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Indian buyers seeking thermal coal from South African

Coal News - Published on Tue, 13 Feb 2018

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Platts reported that Indian buyers have increasingly been seeking higher-CV thermal coal from South Africa recently as US material has become more expensive and Chinese buying has mopped up any available volumes from Indonesia.

A Europe-based trader of South African coal told S&P Global Platts that “Usually [Indian buyers] bought 4,800 kcal/kg NAR and 5,500 kcal/kg NAR coals, but now they are also buying 5,700 kcal/kg NAR.” The source added that US-origin North Appalachian coal coal had been priced out of the market after strong bids from India in recent months which meant it had priced out of the market.

NAPP coal had been heard offered around USD 80 to USD 83 per tonne FOB US East Coast, with dry bulk freight rates for a Panamax vessel heard at USD 30.20 per tonne on the US East Coast-East Coast India route.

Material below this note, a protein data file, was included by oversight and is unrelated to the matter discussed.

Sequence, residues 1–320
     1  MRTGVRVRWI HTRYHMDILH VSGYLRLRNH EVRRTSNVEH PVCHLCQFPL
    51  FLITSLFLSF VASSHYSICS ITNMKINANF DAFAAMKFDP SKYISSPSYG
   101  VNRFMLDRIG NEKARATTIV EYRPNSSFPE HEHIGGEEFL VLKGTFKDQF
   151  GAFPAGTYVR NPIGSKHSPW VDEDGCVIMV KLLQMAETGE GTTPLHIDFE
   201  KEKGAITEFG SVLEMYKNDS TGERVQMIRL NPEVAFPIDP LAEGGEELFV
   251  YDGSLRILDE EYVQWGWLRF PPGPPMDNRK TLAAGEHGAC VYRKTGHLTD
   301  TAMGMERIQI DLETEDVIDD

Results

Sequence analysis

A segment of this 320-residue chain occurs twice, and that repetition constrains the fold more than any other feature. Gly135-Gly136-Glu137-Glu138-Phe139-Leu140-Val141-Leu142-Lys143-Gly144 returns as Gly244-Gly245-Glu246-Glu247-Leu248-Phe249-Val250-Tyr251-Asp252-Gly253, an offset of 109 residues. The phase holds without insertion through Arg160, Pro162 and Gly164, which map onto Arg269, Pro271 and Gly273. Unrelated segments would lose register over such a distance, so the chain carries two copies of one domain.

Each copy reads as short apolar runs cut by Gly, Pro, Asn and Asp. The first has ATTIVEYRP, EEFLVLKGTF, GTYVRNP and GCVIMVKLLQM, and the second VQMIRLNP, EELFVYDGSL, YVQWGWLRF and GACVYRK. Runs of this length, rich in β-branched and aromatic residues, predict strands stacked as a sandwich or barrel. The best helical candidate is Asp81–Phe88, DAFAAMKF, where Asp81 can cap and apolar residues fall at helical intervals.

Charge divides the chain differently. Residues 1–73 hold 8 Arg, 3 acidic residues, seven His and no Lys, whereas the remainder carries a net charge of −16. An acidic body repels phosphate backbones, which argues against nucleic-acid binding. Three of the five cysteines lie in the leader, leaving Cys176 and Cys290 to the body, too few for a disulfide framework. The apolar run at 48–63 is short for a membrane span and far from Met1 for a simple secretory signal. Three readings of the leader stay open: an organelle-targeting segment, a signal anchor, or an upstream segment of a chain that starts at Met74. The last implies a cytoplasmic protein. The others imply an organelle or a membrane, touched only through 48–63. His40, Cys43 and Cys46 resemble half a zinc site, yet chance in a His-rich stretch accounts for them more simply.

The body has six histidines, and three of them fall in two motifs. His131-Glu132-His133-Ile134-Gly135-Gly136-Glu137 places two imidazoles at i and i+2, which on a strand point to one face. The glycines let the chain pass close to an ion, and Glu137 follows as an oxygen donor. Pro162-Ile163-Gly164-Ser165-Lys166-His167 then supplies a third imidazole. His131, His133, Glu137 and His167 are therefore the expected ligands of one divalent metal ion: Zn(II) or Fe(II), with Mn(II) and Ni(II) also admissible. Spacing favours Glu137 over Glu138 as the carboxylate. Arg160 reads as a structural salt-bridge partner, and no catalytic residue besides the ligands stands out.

This gives a theoretical net forward price of USD 110 per tonne delivered basis, while South African coal has a roughly equivalent net forward of USD 113 per tonne when adjusted for heating values.

The advantage of shorter sailing times and Capesize freight rather than Panamax effectively allows Indian buyers to import South African coal at a cheaper rate than US NAPP coal.

Indian buyers typically purchase South African coal with heating values ranging from 4,200-5,500 kcal/kg NAR, and sellers said inquiries for these specifications had also increased due to problems with dispatches of domestically produced coal in India.

A south India-based consumer said that “Domestic coal is high on ash and moisture, moreover the logistic cost is also high.”

A producer-trader of South African coal expected this firm demand from India to hold in the mid to long-term as it did not expect state-owned producer Coal India Limited to be able to meet its production targets, having missed its 2017 targets.

The other key import source for Indian buyers, Indonesia, was tight on availability due to rainfall limiting mining activity, and most available cargoes had been booked by Chinese buying ahead of the Lunar New Year.

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Posted By : Nanda Koijam on Tue, 13 Feb 2018
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